Is there an idiom about exploration? I am trying to think of one, but I could only come up with a weird one that doesn't have an entry in the dictionary.

For example:

They sent giant spaceships into space to push the boundaries of mankind.

I am not sure why, but it sounds weird. Also, I am not sure if I am using it correctly.

  • What's the supposed meaning of the idiom you're looking for?
    – user3395
    Jun 7, 2019 at 23:01
  • Anything related to exploration and that's about the idea of discovering new things and locations.
    – Sayaman
    Jun 7, 2019 at 23:02
  • do you mean any kind of exploration? all of "space exploration", "ocean exploration" and some other exploration is in your area of interest?
    – user95456
    Jun 7, 2019 at 23:53

2 Answers 2


You could try this:

They sent giant spaceships into space to discover brave new worlds.

From Merriam-Webster's definition of brave new worlds:

: a future world, situation, or development
also : a recent development or recently changed situation
// The company was slow to enter the brave new world of computer technology.

The fact that space exploration can be about finding new planets (worlds), means that the expression has both a literal and figurative interpretation. It also gives a kind of heroic slant to the bravery of the explorers.

It comes from the 1932 Aldous Huxley novel Brave New World. (Which took it from Shakespeare's The Tempest.) But the phrase has made its way into mainstream culture since.

  • 1
    Actually, Huxley was quoting Shakespear. The phrase is from The Tempest and refers literally to America. Miranda says (in act V scn 1) "O brave new world That has such people in't!" to which her father the wizard Prospero replies, "Tis new to thee." Huxley's use was at least partly ironic, as the world he showed was far from idyllic Jun 8, 2019 at 0:25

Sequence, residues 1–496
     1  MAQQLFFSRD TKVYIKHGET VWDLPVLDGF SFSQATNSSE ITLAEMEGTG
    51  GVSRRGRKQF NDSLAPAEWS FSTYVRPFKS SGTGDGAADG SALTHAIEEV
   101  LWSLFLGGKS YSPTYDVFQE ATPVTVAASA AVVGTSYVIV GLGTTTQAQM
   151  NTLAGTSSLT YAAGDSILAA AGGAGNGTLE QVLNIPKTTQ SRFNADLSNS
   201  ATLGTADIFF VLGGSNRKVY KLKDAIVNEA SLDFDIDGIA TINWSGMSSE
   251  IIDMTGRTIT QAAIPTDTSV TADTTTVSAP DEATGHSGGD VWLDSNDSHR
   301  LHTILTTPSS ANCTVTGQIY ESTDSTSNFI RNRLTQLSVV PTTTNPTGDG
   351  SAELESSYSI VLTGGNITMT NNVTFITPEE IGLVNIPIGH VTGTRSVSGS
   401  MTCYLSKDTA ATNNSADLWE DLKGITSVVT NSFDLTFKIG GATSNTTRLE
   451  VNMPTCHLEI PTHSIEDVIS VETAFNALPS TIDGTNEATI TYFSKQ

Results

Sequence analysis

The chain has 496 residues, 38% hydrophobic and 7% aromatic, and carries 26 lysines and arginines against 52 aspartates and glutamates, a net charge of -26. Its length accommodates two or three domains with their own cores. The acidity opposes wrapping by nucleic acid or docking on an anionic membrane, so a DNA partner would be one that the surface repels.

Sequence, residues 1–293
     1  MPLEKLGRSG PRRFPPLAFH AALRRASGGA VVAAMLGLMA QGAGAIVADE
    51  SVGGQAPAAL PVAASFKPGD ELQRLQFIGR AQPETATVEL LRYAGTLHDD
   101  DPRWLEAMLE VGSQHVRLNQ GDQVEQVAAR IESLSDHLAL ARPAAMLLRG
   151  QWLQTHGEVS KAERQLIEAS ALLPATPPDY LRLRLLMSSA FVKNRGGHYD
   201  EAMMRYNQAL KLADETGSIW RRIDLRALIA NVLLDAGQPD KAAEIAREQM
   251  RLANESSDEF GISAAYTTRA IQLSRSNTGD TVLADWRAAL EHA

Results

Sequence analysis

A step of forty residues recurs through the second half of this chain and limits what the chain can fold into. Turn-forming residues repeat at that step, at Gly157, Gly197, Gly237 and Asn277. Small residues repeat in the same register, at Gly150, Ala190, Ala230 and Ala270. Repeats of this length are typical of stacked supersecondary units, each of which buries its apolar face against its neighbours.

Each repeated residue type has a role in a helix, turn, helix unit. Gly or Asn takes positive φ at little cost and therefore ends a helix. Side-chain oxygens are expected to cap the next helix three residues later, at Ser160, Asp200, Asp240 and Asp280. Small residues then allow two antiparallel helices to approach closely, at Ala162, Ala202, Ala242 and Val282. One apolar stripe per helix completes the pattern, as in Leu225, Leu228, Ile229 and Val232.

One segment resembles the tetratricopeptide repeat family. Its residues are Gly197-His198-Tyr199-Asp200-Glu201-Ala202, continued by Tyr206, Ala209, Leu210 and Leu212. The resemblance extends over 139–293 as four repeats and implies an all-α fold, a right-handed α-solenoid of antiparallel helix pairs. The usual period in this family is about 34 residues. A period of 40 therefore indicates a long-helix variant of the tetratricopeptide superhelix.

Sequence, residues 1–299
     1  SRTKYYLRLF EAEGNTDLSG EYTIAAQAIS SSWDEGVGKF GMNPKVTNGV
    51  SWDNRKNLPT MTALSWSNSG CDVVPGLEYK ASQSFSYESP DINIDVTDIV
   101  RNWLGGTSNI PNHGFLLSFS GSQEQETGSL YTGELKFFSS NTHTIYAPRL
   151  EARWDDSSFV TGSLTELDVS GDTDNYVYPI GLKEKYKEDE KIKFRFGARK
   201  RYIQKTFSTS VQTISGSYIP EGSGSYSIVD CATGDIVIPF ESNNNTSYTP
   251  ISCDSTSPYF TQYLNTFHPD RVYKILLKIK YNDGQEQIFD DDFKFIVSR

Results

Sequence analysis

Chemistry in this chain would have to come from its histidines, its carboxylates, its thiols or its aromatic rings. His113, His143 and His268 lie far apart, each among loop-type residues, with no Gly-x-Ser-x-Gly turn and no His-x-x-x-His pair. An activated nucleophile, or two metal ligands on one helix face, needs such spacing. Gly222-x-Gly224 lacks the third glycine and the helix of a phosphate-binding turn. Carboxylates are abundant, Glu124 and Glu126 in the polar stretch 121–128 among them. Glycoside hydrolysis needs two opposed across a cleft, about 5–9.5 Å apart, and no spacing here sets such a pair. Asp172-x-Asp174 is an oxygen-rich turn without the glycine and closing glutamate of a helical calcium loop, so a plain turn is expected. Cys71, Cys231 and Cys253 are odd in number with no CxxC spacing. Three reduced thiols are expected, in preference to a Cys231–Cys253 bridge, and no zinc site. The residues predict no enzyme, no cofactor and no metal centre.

Scientists and engineers sometimes attribute this saying to Albert Einstein:

If we knew what we were doing, we wouldn't call it research.

It can be modified to:

If we knew where we were going, we wouldn't call it exploration.

A similar idea:

I'm not lost. I'm exploring.

Robert Heinlein's fictional character D.D. Harriman was "The Man Who Sold the Moon". Part of his sales pitch was:

Don’t ask me what we’ll make a profit on; I can’t itemize the assets — but I can lump them. The assets are a planet—a whole planet that’s never been touched.

Or consider John Kennedy's dare to put a man on the moon:

But why, some say, the moon? Why choose this as our goal? And they may well ask why climb the highest mountain? Why, 35 years ago, fly the Atlantic? Why does Rice play Texas?

We choose to go to the moon. We choose to go to the moon in this decade and do the other things, not because they are easy, but because they are hard, because that goal will serve to organize and measure the best of our energies and skills, because that challenge is one that we are willing to accept, one we are unwilling to postpone, and one which we intend to win. And the others, too.

(Kennedy was a native speaker of English. But his Boston accent is not an accent that most English learners try to emulate.)

Also consider the introduction to Star Trek:

Space: The Final Frontier. These are the voyages of the Starship Enterprise. Its five-year mission: To explore strange new worlds. To seek out new life and new civilizations. To boldly go where no man has gone before!

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